We pay in a variety of ways. Flexible billing is popular. For instance, my knee replacement bill totalled nearly $80,000. Probably should have been about twelve thousand, but they're billing me for all those people who couldn't or wouldn't pay their own way. Also, at the end of life, Medicare ends up paying tens to hundreds of thousands of dollars to extend life by...minutes?, days?, maybe a month or so? The upside is that this keeps hospital doors open. The downside should be obvious, your/my tax dollars are spent in a futile effort.

    So, what works? Here's an interesting story:
    My wifes mom had a friend who went to Canada to have her gall-bladder removed. This was a few years ago, and an uncomplicated cholecystectomy was running from 3 - 12 grand in the U.S. The Canadian doctor, NOT re-imbursed by the National Health Care in Canada, charged $900, up front, for an un-complicated surgery. Also, the patients had to get out of bed to change channels, or go get something to eat. That way they had to get up and move, which greatly speeds recovery. Since there was no money being funneled away to pay for mansions for insurance executives, or ever increasing government bureaucracy, there was no need to overcharge. The doctor and his staff all were well paid, as were the bills.

    My wifes father also had a plan that worked. He never had health care insurance. He found out what it cost for himself and his family, paid that into a "Hospital money" account, and with diabetes and after surviving four heart-attacks, he paid all his bills cash after negotiating with the hospitals finance office for the lower end of the "flexible" payment schedules, arguing that 1) they WOULD be paid, and 2) He wasn't paying for a bunch of free-loaders to mooch off the system.

    Lastly, I'm not really as biased against the insurance giants as it might seem, or at least I wouldn't be if they couldn't rig the game. But they can, they have, and they will continue to do so. So, given a choice between a plutocracy in which the "system" can set itself up for the profit of the few, by denying basic health care to those most in need, or a government bureaucracy which MAY be held accountable by the public, I choose accountability. Just a few thoughts.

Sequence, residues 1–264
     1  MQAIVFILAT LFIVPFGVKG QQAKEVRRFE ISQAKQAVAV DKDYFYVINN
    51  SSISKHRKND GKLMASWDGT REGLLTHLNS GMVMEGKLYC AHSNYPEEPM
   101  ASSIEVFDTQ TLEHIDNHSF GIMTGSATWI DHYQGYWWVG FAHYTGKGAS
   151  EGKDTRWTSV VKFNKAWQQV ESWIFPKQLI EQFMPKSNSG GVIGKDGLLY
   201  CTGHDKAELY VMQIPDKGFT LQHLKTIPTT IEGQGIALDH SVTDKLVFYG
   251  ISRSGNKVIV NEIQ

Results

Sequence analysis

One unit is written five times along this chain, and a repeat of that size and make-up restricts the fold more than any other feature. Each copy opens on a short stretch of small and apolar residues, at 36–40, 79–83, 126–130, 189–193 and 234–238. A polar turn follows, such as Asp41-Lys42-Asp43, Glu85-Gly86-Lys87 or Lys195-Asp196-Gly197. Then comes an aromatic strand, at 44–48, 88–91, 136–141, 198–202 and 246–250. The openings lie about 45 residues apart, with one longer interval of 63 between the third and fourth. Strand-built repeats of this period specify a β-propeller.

Great insight. Excellent post. The only thing I can add is this little brush with the US health care system.

    I went to see my GP to have a mole removed from my forearm. Instead of doing it in his office, he sent me to a Dermatoligist, who looked at it, got a 12" Q-tip, dipped it into some liquid nitrogen, stuck it on the mole for less than 20 seconds, sent me on my way, AND BILLED MY INSURANCE FOR A SURGERY. That's one indication why we have a very expensive health care delivery system.
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    xmacroxmacro Posts: 3,402
    JDH:
    "...As for your question about what to do with the uninsured, I haven't answered it because I don't know. They shouldn't be left to die, but there's got to be a better answer than to raise taxes on everyone else to pay for them ..."

    If you believe they should have access to our health care system so that the poor aren't allowed to die , do you believe that access to health care is a fundamental human right?
    Fundemental? Absolutely not. The only fundemental rights anyone has are life, liberty and the pursuit of happiness - paying for it is your business, not mine.

    Fundamental rights are the stuff that wars and revolutions are fought for, that entire system of gov't are upended because they don't honor, and tyrants are put to death for; freedom from oppression, liberty, etc. Access to healthcare, in my view, is a luxury - and, much like medicare/medicaid/SS, something desperately in need of reform